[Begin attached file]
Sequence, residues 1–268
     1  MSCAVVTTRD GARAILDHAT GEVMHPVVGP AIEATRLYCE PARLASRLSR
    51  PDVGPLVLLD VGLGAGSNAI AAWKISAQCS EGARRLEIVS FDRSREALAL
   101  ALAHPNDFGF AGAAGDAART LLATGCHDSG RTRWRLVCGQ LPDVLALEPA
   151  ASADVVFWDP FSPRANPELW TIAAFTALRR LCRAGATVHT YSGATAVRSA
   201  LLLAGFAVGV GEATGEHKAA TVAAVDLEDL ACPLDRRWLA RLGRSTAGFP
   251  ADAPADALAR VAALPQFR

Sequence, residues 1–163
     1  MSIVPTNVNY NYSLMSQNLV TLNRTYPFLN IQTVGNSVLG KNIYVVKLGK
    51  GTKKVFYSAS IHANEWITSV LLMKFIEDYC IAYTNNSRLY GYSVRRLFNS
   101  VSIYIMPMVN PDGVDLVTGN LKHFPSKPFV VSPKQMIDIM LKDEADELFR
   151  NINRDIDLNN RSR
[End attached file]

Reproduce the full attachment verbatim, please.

Sequence, residues 1–268
     1  MSCAVVTTRD GARAILDHAT GEVMHPVVGP AIEATRLYCE PARLASRLSR
    51  PDVGPLVLLD VGLGAGSNAI AAWKISAQCS EGARRLEIVS FDRSREALAL
   101  ALAHPNDFGF AGAAGDAART LLATGCHDSG RTRWRLVCGQ LPDVLALEPA
   151  ASADVVFWDP FSPRANPELW TIAAFTALRR LCRAGATVHT YSGATAVRSA
   201  LLLAGFAVGV GEATGEHKAA TVAAVDLEDL ACPLDRRWLA RLGRSTAGFP
   251  ADAPADALAR VAALPQFR

Sequence, residues 1–163
     1  MSIVPTNVNY NYSLMSQNLV TLNRTYPFLN IQTVGNSVLG KNIYVVKLGK
    51  GTKKVFYSAS IHANEWITSV LLMKFIEDYC IAYTNNSRLY GYSVRRLFNS
   101  VSIYIMPMVN PDGVDLVTGN LKHFPSKPFV VSPKQMIDIM LKDEADELFR
   151  NINRDIDLNN RSR